Dance Baby Dance Review
Dance Baby Dance is a 2018 drama about a man chasing his dream, even as it seems more and more impossible to achieve.
There’s a dancer in all of us, or so they say, and while for most, that’s limited to the living room a pair of headphones and list of guilty pleasure songs we only play when no one is listening, for others, it is a lifelong passion. This lies at the heart of Stephen Kogon‘s latest Dance Baby Dance, an independent, low budget drama that hits most of the marks in a family film that for fans of dance ought to satisfy.
Jimmy Percer (Stephen Kogon) is heading into his mid-30s and feeling the weight of time creeping in on his dream. He wants to be a tap dancer, but ten years earlier, a knee injury knocked him out of the game. Now he wants to give it one last shot before it’s too late, however, it’s not so easy. His loving and supporting wife Tess (Beverley Mitchell), who works at the studio as an aerobic instructor, urges him to try even as the owner Hector (Carlos Alazraqui) isn’t convinced he’s got the chops for the upcoming showcase he’s sponsoring. Meanwhile, Tess’ sister Lanie (Lisa Brenner), going through a divorce, shows up with Kit (Hayley Shukiar), her 9-nine-year-old daughter, needing a place to stay. Guess who shows some talent of her own, and as Kit, distraught over the breakup, and Jimmy bond, things might just turn themselves around.
Keeping things safe, Dance Baby Dance isn’t a film meant to offer much challenge, its conflicts and setbacks minor, kept simple in favor of showing off its cast’s skills on the dance floor. Jimmy is an impossibly upbeat and positive guy who wears only a cheerful smile no matter the hurdle, even when the road to the showcase is blotted with some admittedly rough corners. What the film is really about of course is building the relationship between Jimmy and Kit, as Lanie crumbles. This means lots of moments where the two share tap time together, forging ahead as they both try to find their way.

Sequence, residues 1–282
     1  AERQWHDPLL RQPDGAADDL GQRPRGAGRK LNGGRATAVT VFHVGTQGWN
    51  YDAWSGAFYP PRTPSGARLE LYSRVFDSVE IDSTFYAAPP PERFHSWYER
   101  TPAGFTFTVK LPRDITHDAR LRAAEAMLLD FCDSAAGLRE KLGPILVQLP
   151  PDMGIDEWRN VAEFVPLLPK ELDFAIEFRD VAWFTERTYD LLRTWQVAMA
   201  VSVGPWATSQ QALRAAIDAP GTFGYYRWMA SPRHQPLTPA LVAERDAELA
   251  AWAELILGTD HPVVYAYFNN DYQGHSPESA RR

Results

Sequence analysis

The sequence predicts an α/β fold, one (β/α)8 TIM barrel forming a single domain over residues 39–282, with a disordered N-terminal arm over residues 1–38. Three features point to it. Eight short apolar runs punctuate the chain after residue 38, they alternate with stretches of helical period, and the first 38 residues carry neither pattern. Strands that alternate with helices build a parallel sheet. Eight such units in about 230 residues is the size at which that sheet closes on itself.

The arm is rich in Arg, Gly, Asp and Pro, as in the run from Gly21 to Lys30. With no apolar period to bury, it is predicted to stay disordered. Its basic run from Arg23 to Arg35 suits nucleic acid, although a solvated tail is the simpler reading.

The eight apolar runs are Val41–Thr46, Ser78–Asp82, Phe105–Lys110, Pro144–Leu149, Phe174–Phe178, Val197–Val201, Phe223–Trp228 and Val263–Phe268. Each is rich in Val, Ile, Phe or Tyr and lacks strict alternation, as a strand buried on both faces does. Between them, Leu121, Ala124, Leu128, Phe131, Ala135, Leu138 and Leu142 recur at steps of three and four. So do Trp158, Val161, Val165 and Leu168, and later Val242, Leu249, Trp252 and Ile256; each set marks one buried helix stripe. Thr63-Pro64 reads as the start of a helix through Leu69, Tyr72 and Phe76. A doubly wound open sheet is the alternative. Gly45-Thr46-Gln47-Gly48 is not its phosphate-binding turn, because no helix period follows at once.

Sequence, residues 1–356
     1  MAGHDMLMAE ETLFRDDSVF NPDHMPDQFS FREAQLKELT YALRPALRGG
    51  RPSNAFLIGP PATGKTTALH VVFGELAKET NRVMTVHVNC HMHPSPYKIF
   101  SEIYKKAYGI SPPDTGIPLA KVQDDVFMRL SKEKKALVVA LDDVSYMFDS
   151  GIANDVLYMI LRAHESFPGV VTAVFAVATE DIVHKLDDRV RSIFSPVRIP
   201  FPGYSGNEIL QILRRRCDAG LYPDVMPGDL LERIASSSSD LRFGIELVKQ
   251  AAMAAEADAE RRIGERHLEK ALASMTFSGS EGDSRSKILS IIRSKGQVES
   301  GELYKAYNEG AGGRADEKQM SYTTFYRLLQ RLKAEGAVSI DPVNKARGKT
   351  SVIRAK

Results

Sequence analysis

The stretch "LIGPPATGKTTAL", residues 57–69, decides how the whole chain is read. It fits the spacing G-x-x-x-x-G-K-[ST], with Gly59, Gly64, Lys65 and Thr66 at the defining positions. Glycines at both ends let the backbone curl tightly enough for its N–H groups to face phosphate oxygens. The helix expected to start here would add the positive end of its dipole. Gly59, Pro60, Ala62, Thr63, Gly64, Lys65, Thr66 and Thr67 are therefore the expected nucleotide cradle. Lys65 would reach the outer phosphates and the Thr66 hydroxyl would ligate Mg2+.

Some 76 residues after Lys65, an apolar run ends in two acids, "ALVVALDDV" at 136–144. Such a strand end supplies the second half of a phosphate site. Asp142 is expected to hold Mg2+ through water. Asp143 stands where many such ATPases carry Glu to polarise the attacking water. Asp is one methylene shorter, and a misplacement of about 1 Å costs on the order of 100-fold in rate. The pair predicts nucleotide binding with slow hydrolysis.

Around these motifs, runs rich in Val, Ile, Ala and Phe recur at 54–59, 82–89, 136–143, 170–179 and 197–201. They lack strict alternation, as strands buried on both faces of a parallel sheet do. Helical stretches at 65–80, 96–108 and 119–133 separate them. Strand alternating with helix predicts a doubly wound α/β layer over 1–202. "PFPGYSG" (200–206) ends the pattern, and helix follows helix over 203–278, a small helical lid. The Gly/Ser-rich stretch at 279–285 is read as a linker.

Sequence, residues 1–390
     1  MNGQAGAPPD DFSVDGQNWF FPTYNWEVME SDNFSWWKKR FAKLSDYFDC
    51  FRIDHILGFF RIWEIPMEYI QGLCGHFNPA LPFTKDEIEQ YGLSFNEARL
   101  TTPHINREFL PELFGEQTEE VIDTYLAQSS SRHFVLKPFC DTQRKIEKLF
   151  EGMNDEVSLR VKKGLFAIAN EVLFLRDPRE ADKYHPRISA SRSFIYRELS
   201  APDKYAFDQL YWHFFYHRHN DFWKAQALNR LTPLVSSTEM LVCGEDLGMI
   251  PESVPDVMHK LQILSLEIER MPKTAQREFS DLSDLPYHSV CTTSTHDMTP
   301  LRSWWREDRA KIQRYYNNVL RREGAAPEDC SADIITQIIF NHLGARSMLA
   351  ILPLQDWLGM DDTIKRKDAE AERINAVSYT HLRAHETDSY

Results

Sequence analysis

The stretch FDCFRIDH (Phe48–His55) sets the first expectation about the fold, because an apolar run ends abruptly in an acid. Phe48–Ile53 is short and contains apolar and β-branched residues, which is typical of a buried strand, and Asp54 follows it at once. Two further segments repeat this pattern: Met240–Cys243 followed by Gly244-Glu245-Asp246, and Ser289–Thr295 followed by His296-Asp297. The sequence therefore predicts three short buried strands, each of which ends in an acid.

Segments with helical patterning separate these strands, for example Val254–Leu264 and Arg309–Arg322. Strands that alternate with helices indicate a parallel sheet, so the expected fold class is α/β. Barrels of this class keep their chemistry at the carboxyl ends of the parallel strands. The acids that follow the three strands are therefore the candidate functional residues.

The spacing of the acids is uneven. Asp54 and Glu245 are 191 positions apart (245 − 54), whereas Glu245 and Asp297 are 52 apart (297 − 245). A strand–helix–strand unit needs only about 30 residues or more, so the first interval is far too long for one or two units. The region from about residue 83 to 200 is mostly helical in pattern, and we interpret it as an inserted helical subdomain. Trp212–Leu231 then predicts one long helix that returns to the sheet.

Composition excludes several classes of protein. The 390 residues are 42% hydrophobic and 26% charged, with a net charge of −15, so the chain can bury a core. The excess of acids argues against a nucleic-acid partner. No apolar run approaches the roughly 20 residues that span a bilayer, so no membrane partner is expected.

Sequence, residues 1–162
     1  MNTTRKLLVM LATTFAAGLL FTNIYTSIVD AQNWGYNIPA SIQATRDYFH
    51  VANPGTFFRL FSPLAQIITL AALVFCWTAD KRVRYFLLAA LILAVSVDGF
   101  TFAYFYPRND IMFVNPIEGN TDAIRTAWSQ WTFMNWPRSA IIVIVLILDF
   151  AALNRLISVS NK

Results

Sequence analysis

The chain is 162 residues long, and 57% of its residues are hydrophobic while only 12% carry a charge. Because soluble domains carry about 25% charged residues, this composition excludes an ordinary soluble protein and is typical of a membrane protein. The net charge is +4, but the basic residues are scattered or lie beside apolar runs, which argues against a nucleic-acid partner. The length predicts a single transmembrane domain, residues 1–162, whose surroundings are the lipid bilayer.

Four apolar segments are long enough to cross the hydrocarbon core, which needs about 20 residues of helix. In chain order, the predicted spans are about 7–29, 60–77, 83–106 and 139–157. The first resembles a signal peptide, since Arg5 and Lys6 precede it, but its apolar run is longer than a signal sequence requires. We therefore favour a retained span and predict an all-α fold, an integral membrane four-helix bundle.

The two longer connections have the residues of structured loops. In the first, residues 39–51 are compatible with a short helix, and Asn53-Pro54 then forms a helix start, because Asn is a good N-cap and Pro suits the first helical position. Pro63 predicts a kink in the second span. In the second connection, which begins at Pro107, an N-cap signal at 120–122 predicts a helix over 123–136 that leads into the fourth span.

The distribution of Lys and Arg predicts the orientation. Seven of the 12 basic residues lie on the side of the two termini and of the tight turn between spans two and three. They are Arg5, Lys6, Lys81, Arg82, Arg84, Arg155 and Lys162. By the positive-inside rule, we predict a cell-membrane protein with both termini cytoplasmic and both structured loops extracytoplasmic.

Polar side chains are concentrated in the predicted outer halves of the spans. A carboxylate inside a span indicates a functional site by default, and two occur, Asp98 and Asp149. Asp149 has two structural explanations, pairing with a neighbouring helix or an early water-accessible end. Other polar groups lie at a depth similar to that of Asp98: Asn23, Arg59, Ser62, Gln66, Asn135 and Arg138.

If you like tap dancing, or have even a passing interest in it, then Dance Baby Dance will surely offer plenty of things to get behind, with lots of sequences of Kogan and Shukiar doing their thing. There’s a few side characters as well who do some more modern interpretations, however most of the film centers on tap. And it’s all pretty darn good. The movie is limited of course by its small budget, but is ambitious enough with plenty of earnest performances (and some talented dancers) to make it a pleasant watch, even as it offers few surprises.
As a family film, Dance Baby Dance is certainly a safe bet, with enough of the show on little Kit to keep younger ones interested, even as it puts most of its attention on Jimmy. It’s nothing but positive energy and while it sticks to the plan, does what it sets out to do. If you have a dream, movies have long worked to inspire, and surely, Dance Baby Dance has its place among them.
Dance Baby Dance Review
Movie description: Dance Baby Dance is a 2018 drama about a man chasing his dream, even as it seems more and more impossible to achieve.
Director(s): Stephen Kogon
Actor(s): Beverley Mitchell, Jim O'Heir, Clare Grant
Genre: Drama, Comedy